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Work and Racism

3 unit(s) This course provides a critical introduction into how work and race shape our lives. Rather viewing work and race as two independent realms of our lifeworld, students are asked to conceive them as a co-constitutive system. Within this framework, students should think deeply about the racial and capital logics that underlie our social structures (e.g. social networks, employment arrangements, public and private institutions) and define our experiences, subjectivities, and actions. Emphasis will be placed on how these logics produce racialized labour markets and differential vulnerability to violence and death in all their forms (social, physical, psychological). From slavery and settler colonialism to the contemporary moment of global anti-racial capitalism uprising, course content will cover case studies primarily from North America but also from parts of Asia. Through lecture, digital media, guest speakers, and group discussions and projects, students are encouraged to explore connections between the course material to their own reflections of the current moment.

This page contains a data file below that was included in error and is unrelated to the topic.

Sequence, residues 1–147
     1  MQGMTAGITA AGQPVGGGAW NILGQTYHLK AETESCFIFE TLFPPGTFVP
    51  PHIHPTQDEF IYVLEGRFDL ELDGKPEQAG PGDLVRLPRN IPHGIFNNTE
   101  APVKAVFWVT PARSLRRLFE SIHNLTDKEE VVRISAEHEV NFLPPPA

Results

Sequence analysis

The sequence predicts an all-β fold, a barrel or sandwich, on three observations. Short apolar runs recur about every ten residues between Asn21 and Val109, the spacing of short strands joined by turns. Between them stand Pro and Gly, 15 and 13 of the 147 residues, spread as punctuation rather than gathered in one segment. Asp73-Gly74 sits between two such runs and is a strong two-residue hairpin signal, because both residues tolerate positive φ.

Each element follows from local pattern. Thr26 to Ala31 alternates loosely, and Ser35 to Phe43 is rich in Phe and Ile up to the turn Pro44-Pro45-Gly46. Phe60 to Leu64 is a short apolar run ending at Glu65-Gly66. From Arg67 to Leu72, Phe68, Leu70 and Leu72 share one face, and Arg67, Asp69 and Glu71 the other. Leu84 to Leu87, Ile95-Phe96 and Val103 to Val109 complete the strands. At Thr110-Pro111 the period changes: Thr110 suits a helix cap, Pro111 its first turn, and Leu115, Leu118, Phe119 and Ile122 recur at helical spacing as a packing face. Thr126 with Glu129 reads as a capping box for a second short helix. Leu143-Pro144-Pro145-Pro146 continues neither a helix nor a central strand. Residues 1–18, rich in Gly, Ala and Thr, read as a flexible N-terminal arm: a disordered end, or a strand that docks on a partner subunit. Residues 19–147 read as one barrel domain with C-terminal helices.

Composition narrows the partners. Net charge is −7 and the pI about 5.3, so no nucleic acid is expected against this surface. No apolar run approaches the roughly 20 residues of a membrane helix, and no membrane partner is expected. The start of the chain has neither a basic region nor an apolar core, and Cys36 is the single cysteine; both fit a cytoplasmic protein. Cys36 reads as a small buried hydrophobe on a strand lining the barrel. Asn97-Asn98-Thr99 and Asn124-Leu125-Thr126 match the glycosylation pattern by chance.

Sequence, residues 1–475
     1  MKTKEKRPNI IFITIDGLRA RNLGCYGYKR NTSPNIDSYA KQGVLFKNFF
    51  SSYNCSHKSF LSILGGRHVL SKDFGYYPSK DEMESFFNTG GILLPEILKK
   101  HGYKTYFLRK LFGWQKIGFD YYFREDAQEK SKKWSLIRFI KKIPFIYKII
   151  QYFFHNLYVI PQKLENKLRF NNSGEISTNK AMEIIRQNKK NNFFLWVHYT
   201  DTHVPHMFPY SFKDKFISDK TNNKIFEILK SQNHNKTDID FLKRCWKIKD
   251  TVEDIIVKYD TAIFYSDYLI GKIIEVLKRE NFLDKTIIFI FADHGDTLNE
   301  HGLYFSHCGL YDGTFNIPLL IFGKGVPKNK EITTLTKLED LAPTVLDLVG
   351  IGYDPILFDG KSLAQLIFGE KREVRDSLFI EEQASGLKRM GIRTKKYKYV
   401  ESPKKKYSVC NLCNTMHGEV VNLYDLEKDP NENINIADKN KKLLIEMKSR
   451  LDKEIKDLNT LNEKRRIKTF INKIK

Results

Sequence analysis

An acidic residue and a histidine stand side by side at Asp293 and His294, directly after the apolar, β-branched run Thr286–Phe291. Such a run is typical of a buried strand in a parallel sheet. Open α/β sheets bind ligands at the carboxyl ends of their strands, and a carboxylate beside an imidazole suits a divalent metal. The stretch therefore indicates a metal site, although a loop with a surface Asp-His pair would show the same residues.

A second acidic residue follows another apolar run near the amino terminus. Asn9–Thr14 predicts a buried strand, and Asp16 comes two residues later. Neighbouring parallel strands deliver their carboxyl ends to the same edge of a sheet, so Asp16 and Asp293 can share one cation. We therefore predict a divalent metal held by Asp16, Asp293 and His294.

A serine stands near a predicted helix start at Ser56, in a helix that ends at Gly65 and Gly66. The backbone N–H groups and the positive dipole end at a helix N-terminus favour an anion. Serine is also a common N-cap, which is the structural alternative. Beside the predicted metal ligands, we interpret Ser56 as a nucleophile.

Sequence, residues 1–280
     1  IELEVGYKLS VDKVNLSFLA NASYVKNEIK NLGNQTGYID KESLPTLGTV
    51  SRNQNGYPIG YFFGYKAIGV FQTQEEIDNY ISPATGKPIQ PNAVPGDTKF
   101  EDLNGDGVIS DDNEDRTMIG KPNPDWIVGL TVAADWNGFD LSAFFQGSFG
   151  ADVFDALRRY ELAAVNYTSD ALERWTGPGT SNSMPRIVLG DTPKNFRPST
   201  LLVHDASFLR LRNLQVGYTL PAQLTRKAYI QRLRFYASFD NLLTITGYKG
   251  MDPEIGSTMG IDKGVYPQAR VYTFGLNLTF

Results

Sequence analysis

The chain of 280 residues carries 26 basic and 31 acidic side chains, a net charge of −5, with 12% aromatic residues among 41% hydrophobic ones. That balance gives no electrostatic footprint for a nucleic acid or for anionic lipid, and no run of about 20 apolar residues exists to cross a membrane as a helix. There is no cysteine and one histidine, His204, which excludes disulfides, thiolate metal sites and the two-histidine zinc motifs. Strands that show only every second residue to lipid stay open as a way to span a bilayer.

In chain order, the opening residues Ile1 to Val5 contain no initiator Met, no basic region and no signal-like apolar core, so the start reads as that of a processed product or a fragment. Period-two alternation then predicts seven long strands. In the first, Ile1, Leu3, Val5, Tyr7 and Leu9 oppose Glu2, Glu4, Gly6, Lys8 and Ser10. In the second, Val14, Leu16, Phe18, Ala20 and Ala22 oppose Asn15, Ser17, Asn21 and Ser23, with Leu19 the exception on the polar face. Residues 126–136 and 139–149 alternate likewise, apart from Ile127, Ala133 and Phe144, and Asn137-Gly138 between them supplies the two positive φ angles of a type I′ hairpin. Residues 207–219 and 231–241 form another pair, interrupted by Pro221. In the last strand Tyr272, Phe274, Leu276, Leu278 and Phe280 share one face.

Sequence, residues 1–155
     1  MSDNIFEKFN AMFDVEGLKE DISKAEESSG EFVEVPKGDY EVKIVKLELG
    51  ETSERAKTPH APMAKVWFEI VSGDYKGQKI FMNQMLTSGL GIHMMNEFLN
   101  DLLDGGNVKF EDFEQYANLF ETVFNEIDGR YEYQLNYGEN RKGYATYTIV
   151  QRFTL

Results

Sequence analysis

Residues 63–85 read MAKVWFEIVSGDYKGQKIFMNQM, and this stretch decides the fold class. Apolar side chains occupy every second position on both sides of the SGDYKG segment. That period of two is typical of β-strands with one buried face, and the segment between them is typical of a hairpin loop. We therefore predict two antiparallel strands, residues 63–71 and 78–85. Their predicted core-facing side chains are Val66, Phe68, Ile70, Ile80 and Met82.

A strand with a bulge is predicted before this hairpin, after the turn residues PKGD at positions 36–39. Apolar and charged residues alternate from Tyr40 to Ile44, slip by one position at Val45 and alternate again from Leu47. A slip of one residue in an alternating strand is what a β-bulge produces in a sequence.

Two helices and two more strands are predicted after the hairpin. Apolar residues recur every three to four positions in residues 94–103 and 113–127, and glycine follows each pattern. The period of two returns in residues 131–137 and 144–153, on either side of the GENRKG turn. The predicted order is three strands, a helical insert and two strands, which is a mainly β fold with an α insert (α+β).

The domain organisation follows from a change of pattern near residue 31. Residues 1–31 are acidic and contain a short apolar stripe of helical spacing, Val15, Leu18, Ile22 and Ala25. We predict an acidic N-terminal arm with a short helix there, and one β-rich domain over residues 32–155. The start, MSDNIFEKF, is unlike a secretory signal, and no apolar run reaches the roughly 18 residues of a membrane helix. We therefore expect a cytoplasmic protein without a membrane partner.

Unit(s): 3.0 Level(s): II Term(s): Winter Offered?: Yes Language?: No

Tommy Wu

Assistant Professor

Prerequisite(s): Registration in any program Level II or above. Priority is given to students registered in a Labour Studies program